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Hannibal Lecter’s Identity and Ethos

Hannibal Lecter’s Identity and Ethos

Anthony Hopkins, as Hannibal raises a few interesting ideas about reality, identity and our perception of the serial killer. First of all, the movie would have never been made if Hopkins, had not agreed to do the sequel (Sterritt). Second, even though Hopkins, has taken on numerous roles, his memorable roles (besides as Hannibal Lecter) are not so villainous such as his characters in “Remains of the Day or “Shadowlands. In relation to this ethnography of the audience viewing the film, Hannibal’s ethos is directly tied to Hopkins, ethos and it shows in audience reactions.

Movie makers know the power of “celebrity in American society, and as Americans, we usually like to “cheer for characters played by actors that we admire or enjoy seeing our favorites. Thus, admirers of Hopkins, work will immediately give the character of Hannibal credibility and protagonist status despite what they know about the actual character,s actions. Then, because of

media coverage and media acknowledgement of Hopkins, “acting prowess, young moviegoers who have not been exposed to Hopkins, 30-year movie career will be inclined to adopt the opinion that he is a great actor and therefore, see him as the protagonist in the film, “Hannibal. Of course, we cannot view Hannibal’s protagonist/antagonist identity as accident nor original idea. Citing movies such as “Terminator and “Pulp Fiction, one journalist wrote, “More and more often, we are seeing psychopaths and serial killers as protagonists. (Goldberg)

Four Orders of Signification

Jean Baudrillard, a French philosopher, opined that there are four orders of signification. The first order is that “signs are thought of as reflecting basic reality;…

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…d here that the film, “Hannibal fits in one way or another under all of these progressive orders of signification. It is not my place to show the reader where he or she perceives reality or his or her relationship with Hannibal’s character; but, in conclusion, the fourth order of signification will say that the serial killer does not exist it is only a media-generated idea. I believe the serial killer does exist, but as a far different symbol than the one presented in media. “Hannibal just shows us, as a society, how far we’ll go to accept a killer into our lives.

Works Cited

Goldberg, Jonah, “Violent Fantasy, National Review, 10/23/2000, Vol. 52 Issue 20, p. 62.

Sterritt, David, “Why Hannibal, Gives Us Chills, Christian Science Monitor, 02/16/2000, Vol. 93 Issue 58, p. 15.

Baudrillard, Jean,

F. Scott Fitzgerald’s The Great Gatsby – Money! Money! Money! Great Gatsby Essays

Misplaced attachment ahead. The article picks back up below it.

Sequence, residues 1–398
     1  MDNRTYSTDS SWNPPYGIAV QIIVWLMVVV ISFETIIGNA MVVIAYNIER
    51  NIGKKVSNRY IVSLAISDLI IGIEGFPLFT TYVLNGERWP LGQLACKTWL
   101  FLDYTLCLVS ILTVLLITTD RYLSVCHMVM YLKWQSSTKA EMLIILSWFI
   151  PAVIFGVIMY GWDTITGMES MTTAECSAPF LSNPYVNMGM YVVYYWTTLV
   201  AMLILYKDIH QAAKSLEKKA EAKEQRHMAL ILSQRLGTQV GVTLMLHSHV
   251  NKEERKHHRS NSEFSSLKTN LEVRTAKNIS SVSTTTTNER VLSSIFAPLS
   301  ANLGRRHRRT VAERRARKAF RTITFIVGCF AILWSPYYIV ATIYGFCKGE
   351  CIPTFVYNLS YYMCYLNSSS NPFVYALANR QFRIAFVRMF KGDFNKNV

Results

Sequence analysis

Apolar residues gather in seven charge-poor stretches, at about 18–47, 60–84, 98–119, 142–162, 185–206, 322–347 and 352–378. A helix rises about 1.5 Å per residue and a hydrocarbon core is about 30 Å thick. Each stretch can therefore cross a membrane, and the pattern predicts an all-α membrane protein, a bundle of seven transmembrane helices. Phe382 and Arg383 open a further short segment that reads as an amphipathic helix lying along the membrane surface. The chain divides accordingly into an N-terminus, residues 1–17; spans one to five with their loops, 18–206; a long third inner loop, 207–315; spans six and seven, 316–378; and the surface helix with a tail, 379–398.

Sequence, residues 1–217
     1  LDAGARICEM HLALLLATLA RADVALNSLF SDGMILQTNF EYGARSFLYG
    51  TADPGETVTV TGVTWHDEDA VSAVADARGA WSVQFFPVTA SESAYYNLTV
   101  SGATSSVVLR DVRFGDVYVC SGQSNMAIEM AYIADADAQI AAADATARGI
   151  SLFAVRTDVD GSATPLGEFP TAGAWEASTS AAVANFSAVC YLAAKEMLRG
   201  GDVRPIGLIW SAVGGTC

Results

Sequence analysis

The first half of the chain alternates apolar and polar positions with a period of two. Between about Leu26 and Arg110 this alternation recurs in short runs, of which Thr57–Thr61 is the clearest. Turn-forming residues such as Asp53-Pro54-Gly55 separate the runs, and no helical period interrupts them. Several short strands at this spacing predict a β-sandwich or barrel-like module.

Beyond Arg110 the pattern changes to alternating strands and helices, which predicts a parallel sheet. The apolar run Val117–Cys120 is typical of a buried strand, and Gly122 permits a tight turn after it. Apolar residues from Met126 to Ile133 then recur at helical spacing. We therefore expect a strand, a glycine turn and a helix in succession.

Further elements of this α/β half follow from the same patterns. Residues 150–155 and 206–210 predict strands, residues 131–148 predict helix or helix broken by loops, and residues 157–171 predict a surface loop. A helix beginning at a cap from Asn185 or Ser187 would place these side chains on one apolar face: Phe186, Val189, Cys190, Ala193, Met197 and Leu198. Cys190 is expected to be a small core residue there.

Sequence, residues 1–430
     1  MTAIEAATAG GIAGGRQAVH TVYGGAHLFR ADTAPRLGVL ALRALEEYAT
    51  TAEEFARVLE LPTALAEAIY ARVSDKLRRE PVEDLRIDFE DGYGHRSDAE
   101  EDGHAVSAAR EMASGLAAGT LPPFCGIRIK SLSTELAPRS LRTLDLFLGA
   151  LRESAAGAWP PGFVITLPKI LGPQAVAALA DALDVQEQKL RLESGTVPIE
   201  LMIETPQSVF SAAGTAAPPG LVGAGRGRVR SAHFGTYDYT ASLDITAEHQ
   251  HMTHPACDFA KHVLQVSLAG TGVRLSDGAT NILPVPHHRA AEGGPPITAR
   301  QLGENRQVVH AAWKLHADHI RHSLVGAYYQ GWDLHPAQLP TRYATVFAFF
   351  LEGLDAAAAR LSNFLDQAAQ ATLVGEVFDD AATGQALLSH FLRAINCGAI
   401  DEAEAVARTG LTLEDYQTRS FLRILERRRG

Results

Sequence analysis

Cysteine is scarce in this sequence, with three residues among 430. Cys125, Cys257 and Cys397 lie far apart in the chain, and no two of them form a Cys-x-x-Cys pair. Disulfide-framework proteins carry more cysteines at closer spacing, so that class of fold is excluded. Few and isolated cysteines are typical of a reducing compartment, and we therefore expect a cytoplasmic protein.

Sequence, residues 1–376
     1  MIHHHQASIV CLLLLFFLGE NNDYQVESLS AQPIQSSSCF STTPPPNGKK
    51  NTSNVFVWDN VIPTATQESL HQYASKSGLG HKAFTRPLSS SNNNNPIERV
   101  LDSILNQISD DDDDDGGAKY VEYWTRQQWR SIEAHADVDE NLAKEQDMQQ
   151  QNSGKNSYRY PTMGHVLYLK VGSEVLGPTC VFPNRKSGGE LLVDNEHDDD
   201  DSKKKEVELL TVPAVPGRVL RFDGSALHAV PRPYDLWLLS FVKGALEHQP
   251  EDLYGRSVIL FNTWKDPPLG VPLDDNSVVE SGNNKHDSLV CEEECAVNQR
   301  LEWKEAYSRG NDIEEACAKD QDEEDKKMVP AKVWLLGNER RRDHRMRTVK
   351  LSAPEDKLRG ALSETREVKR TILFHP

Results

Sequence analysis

The Importance of Money in The Great Gatsby In “The Great Gatsby” money is one of the most important things in the world. In the beginning there was Daisy Buchanan who got to know a military man by the name of Jay Gatsby. These two spent a lot of time together and grew to love each other despite the fact that Gatsby was poor. However, there came a time when Gatsby had to go to war and left Daisy at home. He continued to write to her and asked her to wait for him until he returned. She agreed at first , but along came a rich man by the name of Tom Buchanan and began having relations with Daisy. She didn’t really love Tom but he had money and power so as any girl in the 1920’s would do she married him for his wealth. Her one true love was Gatsby but he was away and didn’t have any money so she wouldn’t marry him just out of love. Gatsby returned from the war and acquired a new occupation that would make him big money and quick. He entered the mob business which took care of his finances but got him rapped up in a lifetime warranty with the mob. After he built up a large sum of money he began throwing huge parties all of the time. He new that by doing this he could show off his money. Most of the people that showed up were not even invited but they were pretty much open parties anyway. Gatsby hoped that one day when he threw one of his large parties that Daisy would come and he would once see her again. Knowing that his neighbor Nick was Daisy’s cousin he invited Nick to his party one evening. After a while he invited Nick to come to lunch with him. Picking up Nick in his biggest, best, and most expensive car Gatsby told Nick about his so called “child hood”. He wanted Nick to know how rich he was and where he got his money so that he could go and tell Daisy all about it. Gatsby also arranged for he and Daisy to be invited to Nick’s house one afternoon. After meeting her there they talked for a short while and it ended up with the three of them going to Gatsby’s house. While they were there Gatsby showed Daisy his biggest rooms, his priceless antiques, even his finest shirts. Daisy’s reaction to just his shirts were rivers of tears. By her reaction to all his wealth reveals that not just seeing Gatsby again made her happy but his wealth made her even happier. She once told Gatsby that the reason she didn’t wait for him is because “rich girls can’t marry poor boys.” That statement in itself signifies that even though love should be the most important thing in a relationship Daisy chose money over all. Also Daisy had a friend name Jordan Baker who really liked Nick but could not marry him because he had no money. However, to the ladies of the 1920’s it was okay to have an affair with a poor person but it wasn’t all right to marry them. Both women in each case show affection towards another person in the story but are driven away from them because of their financial status. Money in the 20’s although it shouldn’t have been was the most important thing to a lot of the people. Money has caused some people to rise and some to fall, but in the late 1920’s a man without money wasn’t a man at all.

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